[Owasp-topten] RC feedback - Missing "Lack of anti-automation"

Colin Watson colin.watson at owasp.org
Thu Apr 13 18:59:39 UTC 2017

Thank you to everyone in the Top Ten project for all the effort in creating
this RC.

Last year when the data call was announced, we had some discussion on the
Leaders' List about "lack of anti-automation":


As pointed out to me in that discussion, "lack of anti-automation" was
included in the the 2013 Top 10 "Additional Risks to Consider":


This item has been dropped from the 2017 RC1 completely - it is not in the
top 10 or in the additional risks. And none of the other 2013 risks include
these types of attack.

I wonder if it is somehow meant to be included in A7 - the Automated
Threats Project is mentioned as a reference for A7. However, I feel this
may be incorrect since none of the threats in the scope of the Automated
Threats project appear to be mentioned in the description, explanation or
example attack scenarios for A7 in 2017 RC1. A7 seems to relate to
exploitation of vulnerabilities.

Our project's unwanted automated usage are not about exploitation of
vulnerabilities, but instead often relate to misuse of inherent valid
functionality. To that end I feel it odd that such automated threats appear
neither in the 2017 RC1 Top 10, nor in the “additional risks to consider”.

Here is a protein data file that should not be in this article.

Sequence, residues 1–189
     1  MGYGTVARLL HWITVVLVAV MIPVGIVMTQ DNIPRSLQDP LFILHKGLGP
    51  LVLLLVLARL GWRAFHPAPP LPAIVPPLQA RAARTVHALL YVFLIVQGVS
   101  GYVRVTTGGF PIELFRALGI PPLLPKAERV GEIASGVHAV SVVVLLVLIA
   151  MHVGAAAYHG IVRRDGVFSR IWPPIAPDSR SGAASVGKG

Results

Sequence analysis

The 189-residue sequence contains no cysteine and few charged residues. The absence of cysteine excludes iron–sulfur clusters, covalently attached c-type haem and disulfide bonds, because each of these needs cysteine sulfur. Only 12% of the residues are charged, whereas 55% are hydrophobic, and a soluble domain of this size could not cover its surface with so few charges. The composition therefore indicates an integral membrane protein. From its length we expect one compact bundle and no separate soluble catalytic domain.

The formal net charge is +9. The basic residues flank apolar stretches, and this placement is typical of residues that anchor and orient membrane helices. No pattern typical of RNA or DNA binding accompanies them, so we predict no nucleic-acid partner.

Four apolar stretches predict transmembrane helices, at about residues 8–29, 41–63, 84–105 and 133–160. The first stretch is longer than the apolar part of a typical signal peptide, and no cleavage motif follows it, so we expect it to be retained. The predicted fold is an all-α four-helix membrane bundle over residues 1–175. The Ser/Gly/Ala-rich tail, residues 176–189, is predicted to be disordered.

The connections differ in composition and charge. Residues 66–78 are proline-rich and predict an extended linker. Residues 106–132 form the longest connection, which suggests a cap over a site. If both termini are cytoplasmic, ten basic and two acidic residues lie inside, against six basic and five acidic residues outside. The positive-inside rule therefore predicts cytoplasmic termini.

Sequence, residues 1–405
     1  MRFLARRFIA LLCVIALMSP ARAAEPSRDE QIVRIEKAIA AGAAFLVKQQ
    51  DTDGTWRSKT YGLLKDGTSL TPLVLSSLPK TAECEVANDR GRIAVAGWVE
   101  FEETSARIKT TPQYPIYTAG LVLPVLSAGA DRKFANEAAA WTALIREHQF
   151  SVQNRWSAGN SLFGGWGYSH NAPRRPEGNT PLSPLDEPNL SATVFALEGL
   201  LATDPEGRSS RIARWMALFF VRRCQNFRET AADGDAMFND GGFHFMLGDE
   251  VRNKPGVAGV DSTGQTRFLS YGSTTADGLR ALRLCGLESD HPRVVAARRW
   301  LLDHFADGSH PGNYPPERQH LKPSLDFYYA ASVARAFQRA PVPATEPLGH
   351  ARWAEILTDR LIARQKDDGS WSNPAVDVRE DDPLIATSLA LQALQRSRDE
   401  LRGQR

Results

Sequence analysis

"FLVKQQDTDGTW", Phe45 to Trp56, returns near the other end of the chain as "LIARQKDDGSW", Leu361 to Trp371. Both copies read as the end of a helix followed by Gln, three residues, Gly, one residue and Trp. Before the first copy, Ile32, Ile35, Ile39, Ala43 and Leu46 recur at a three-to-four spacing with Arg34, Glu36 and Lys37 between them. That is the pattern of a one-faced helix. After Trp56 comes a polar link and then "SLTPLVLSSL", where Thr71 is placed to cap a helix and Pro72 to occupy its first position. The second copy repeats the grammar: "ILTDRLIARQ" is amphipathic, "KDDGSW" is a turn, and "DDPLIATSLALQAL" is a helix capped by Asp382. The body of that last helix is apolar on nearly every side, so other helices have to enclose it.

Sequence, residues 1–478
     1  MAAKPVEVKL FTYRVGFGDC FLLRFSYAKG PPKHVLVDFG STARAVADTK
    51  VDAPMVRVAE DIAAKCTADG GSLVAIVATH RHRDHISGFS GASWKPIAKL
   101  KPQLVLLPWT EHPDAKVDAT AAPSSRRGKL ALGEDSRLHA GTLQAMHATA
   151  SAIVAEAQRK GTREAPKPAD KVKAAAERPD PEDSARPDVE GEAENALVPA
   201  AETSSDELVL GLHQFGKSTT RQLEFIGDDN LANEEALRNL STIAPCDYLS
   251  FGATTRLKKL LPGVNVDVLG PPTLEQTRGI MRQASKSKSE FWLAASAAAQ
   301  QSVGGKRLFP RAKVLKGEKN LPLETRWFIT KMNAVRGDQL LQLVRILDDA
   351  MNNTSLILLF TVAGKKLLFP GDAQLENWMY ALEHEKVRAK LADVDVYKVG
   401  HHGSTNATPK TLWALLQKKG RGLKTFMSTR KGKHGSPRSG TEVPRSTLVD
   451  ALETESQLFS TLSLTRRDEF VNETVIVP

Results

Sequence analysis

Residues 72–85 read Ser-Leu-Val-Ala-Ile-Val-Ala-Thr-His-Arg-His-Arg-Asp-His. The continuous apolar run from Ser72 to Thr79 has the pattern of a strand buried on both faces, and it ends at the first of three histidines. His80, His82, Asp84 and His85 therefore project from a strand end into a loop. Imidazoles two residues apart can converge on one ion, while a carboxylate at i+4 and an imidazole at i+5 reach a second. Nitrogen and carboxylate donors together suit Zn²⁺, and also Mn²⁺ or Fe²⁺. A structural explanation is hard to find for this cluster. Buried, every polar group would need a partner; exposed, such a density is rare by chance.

Whilst breach reporting does not provide comprehensive or representative
coverage of attacks, the following recent major incidents indicate the
types of issue:

Tesco Bank account enumeration (40,000 accounts)

Credential stuffing attacks on other sites following LinkedIn and Yahoo

Some developers and testers ignore or do not think about such threats, and
therefore there is under reporting of these issues in many organisation’s
pen test reports and issue logging, yet lead to significant ongoing pain to
application owners/operators. I have never found any web application that
isn't at risk from some automated threat (we have listed 20 types of
threats, soon to be 21). The ease of exploitation is typically EASY
(because the functionality is inherently built into the web application).
Since automated threats can be a risk for many different types of
functionality, my belief is the prevalence is just as common as XSS, so
prevalence is WIDESPREAD and detectability is EASY. If exploited the impact
is typically MODERATE, often affecting the application’s owner, and users
and other parties.

Regarding protections, in our project's Automated Threat Handbook we
document 14 classes of countermeasures for automated threats – only a
couple of which might be provided by something such as a WAF. Most
countermeasure classes are actually much more relevant to development
processes. Most do not appear in the "how do I prevent this" for A7, or any
other risk, in 2017 RC1.

Colin Watson
Project co-leader
OWASP Automated Threats to Web Applications Project

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